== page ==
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Herbal Tinctures

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    2 Tablespoons Horehound Herb (or Tincture Extract)
    2 Tablespoons Hyssop Herb (or Tincture Extract)
    2 Tablespoons Licorice Root Herb (or Tincture Extract)
    2 Tablespoons Marshmallow Root Herb (or Tincture Extract)
    4 Cups Water

    Mix together horehound, hyssop, licorice root, and marsh mallow root. Add the water. Simmer until the liquid is 1/4 reduced. You should have about 3 cups of the tonic. Strain and dose with 1/2 cup of the liquid every couple of hours for 1 day of every week for a month. This tones up the respiratory tract and also stimulates and nourishes the adrenal glands.

    Individual herbal liquid tincture-extracts can be used in place of herbs. Add recommended drops of extract into hot liquid (water, juice or herbal tea) and taken as suggested.


    Homemade tinctures can be made using the flowers and leaves of the fresh plant (preferred), the roots or seeds, or if needed, the dried plant using apple cider vinegar or 100 proof alcohol (such as vodka or brandy). Add herb to glass container (a glass jar with a tightly fitting lid) and cover with liquid of choice. Seal tightly and place in dark place (like the back of a cupboard), shaking contents daily to extract plant properties into the liquid. Most tinctures are ready to use after about 2 to 6 weeks and can be strained and transferred into dropper bottles for use.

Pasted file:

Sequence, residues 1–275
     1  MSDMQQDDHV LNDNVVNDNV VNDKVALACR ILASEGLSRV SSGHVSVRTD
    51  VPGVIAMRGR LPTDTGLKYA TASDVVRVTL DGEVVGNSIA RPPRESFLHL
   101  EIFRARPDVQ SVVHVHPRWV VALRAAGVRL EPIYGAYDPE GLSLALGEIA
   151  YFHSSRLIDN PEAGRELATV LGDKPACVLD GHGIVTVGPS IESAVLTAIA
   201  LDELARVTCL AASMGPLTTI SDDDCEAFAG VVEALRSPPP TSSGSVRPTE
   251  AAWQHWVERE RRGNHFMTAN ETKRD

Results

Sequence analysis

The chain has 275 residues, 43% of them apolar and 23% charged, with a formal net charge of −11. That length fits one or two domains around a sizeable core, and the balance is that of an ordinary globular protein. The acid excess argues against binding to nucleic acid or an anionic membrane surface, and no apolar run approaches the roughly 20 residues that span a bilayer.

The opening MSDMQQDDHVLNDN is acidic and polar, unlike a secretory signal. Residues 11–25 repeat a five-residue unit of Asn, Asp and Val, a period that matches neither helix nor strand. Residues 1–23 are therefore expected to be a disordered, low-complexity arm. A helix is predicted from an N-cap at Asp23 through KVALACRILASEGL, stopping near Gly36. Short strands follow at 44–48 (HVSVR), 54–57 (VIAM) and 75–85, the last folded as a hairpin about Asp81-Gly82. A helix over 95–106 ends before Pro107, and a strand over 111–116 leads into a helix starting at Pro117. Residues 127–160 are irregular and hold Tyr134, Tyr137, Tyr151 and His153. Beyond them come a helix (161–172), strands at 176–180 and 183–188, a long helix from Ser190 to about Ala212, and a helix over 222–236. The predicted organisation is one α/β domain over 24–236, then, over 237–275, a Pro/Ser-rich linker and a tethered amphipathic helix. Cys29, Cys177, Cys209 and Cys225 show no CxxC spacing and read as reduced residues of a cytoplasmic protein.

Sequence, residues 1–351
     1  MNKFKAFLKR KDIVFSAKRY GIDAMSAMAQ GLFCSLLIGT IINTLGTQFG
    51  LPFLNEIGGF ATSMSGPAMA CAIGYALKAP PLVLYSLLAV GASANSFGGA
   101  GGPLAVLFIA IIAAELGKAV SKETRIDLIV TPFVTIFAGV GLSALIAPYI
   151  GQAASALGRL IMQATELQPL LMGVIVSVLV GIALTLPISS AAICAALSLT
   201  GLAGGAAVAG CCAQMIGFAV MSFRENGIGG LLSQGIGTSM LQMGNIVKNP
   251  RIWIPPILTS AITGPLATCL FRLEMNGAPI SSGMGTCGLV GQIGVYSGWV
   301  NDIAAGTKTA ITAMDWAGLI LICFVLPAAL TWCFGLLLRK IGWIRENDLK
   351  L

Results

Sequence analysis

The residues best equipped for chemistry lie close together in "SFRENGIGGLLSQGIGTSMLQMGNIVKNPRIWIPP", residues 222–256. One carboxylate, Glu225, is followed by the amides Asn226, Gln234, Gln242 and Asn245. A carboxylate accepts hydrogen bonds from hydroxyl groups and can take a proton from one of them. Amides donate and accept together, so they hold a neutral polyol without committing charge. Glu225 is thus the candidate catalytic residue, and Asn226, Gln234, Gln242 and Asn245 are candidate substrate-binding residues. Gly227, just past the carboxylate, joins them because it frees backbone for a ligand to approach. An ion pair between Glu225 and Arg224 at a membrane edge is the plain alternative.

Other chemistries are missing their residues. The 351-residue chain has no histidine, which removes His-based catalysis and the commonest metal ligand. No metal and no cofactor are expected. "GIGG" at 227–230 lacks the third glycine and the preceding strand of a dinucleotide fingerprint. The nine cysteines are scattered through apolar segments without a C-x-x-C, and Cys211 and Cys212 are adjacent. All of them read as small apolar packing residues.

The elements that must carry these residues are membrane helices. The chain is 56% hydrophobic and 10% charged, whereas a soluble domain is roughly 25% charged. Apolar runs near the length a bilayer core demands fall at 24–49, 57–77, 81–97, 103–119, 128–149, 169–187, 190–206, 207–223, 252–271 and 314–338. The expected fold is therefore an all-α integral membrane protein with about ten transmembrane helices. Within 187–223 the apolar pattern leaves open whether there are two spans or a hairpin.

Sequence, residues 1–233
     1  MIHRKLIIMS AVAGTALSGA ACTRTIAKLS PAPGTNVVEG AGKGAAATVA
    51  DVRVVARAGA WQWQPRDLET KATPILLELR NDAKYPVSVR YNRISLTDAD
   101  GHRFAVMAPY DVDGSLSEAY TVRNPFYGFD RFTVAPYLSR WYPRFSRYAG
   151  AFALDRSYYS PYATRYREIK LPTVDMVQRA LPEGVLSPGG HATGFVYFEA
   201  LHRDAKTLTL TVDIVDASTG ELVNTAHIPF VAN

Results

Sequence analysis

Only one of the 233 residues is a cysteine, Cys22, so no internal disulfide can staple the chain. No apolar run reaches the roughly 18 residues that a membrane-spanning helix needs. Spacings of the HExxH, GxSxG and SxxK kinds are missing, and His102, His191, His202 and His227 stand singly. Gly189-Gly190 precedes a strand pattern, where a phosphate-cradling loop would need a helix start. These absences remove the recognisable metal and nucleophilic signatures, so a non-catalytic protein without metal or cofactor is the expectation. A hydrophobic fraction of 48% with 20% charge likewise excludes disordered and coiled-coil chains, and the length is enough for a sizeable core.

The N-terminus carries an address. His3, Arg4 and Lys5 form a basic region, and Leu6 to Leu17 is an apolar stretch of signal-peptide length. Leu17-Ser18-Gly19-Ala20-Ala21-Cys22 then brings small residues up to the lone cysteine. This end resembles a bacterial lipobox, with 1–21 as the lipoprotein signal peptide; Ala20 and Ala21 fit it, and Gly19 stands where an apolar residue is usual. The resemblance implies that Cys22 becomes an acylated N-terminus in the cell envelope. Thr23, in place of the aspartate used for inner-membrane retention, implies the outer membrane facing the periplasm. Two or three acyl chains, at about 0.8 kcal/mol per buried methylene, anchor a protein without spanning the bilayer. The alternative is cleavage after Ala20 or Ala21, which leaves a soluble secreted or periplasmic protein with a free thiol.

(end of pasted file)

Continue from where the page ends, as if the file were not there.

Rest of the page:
About Ratios - All herbal extracts on the market usually have a fixed ratio to the product to help us determine how much solvent to material was used to create the finished product. An example we can use is Damiana with a ratio of 1:4. This tells us that 1 part of Damiana was used with 4 parts of alcohol to produce the extract. Typically extracts made from FRESH plant material use equal parts of material to equal parts of solvent, resulting in a ratio of 1:1. Extracts made from DRIED material will require less material to solvent, resulting in ratios ranging from 1:2 to 1:4.

    How To Use Tinctures - The benefit of tinctures is that the medicinal value is easily assimilated in the body, they are convenient to use, the average shelf life is 5 years, and they offer a more complete range of medicinal properties than dried herbs or capsules. The best way to use liquid herbal tinctures is to put the suggested amount in a glass of water, tea, or juice and drink the entire contents. Tinctures can also be administered directly into the mouth without the assistance of water however some tinctures are unpalatable which is why most people prefer to dilute them into a beverage.

  • Horehound, White (Marrubium vulgare): - 1:3 - 25 percent, 2 to 3 weeks